By Sam Bojarski
African-Americans have celebrated Juneteenth ‒ their Independence Day ‒ for 155 years. As millions throughout the country challenge systemic racism, many have realized that the struggle for black liberation is far from over.
“To me, Juneteenth is a day of freedom, that celebrates freedom, and I had to be here,” said Myriam Sterlin, a Haitian physician who attended the Juneteenth Cel-Liberation Rally, held on the morning of June 19. Sterlin, of New Jersey, said her work schedule had previously prevented her from attending any local events or protests, held in response to the death of George Floyd in May.
Haitian-American District 45 Councilwoman Farah Louis partnered with Brooklyn Borough President Eric Adams, fellow Councilwoman Laurie Cumbo and multiple community organizations to present the Cel-Liberation Rally event. Haitian American Caucus and Haiti Cultural Exchange were among the sponsors. The event, held on the steps of the Brooklyn Public Library, featured music and dancing, while youth from the community shared their perspectives on racial justice and police brutality.
Juneteenth celebrates the end of chattel slavery in the United States. The holiday this year comes weeks after the police killing of George Floyd, as protesters throughout the country challenge the systemic racism that has continued since the end of slavery.
Yashiyah Vines, 19, was one of the youth who addressed the large crowd gathered at the foot of the library’s steps. Vines has been an activist since his cousin, Delrawn “Smalls” Dempsey, a black man, was shot and killed by an off-duty NYPD officer in 2016. Earlier this month, he helped organize a protest in response to the death of George Floyd.
“We saw how strongly people felt about the murders and the injustices toward black men and women and children in this country. So we decided we’re going to be the last generation. No more names, we don’t want any more names,” Vines said.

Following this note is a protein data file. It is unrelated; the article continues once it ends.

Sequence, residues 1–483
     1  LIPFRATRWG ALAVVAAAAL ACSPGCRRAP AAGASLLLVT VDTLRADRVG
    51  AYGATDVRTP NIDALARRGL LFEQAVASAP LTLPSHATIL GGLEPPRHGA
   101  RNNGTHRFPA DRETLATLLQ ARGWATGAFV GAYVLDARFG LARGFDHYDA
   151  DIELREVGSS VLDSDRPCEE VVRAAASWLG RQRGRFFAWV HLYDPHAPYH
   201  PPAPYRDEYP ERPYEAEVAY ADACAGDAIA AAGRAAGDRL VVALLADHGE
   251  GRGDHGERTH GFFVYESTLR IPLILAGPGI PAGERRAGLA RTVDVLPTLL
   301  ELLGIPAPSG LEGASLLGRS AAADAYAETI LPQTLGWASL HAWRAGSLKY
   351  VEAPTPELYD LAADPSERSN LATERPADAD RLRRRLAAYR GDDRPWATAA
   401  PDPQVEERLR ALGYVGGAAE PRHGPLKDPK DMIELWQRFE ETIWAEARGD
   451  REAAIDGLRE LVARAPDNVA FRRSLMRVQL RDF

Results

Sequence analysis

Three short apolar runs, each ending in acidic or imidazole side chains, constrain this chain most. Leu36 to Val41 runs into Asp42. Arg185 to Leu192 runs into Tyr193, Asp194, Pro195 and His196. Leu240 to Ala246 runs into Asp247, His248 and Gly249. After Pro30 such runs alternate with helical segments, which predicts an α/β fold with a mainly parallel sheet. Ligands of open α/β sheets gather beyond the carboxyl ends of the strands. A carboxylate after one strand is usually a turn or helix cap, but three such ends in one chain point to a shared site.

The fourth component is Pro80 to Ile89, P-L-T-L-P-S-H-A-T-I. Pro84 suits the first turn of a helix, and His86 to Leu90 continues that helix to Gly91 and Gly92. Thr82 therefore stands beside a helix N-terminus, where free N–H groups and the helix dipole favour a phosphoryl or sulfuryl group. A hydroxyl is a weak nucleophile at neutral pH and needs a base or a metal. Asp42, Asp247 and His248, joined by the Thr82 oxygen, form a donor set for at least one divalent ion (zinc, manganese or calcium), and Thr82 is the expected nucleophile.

Performers for the morning included the Brooklyn United Marching Band, Blue Diamonds Drumline and the rapper Papoose. Singer Asia Williams and spoken word artist Hanifah Johnson also shared the microphone with elected officials and community leaders ‒ including District 42 Assembly Member Rodneyse Bichotte and Farah Louis. Haitian-American District Leader Josue Pierre served as master of ceremonies.
Samuel Darguin, a co-founder of the Haitian American Caucus, was one of the last speakers to take the microphone. He encouraged voters to participate in the June 23 primary election, as well as the general election in November.
“What we saw on that pavement in Minneapolis was our brothers, our sons, our grandsons, our nephews on that pavement, being drowned and executed at the very, very same time. I can just hear our ancestors telling us, ‘keep on going,’” Darguin said, at the beginning of his address.
“It’s going to be a long struggle, and I hope that this does not stop here. The unfortunate death of Mr. Floyd was a (catalyst) to this, and I hope that this is the beginning of a nonstop fight that we lead daily to freedom,” Sterlin said.
The Haitian-American physician, who was born in Haiti and got her education there before relocating to the U.S. about 25 years ago, said she had never encountered racism before arriving in the States. She also highlighted the important role Haiti has played in American history.
In 1804, Haiti became the first black republic in the world, after defeating the French in the Haitian Revolution and officially ending slavery in the former colony. Haiti stood as a symbol of freedom to blacks throughout the hemisphere, during the first half of the 19th century and beyond. During the 1820s, for example, thousands of freed African-Americans migrated to Haiti, at the invitation of Haitian President Jean-Pierre Boyer.
As Myriam Sterlin’s son, Vladimir Sterlin, stood beside her at the June 19 rally, he told the Haitian Times that he became aware of America’s racial divisions much earlier in life.
“I believe second-generation Haitian Americans have an audacious attitude. Whereas we come from a home where we’ve always had a Haitian or a black president,” said Vladimir, who works as a special assistant to Assembly Member Bichotte.
But after getting out into the real world, “you see how they try to pump the brakes. Like, ‘oh wait wait wait, hold your role, know your place,’” Vladimir added.
This year, calls have grown throughout the country to make Juneteenth a national holiday. Multiple states have already made June 19 a paid holiday for employees. Starting in 2021, Juneteenth will become an official holiday in New York City. America, however, has never undergone a national truth and reconciliation process to address its history of racial injustice like other nations, including Germany, South Africa and Rwanda.
Vladimir Sterlin voiced his support for making Juneteenth a national holiday.
“It’s long overdue. Ethnic groups that came here long after the slave ships arrived from Africa all have their own holidays,” he said.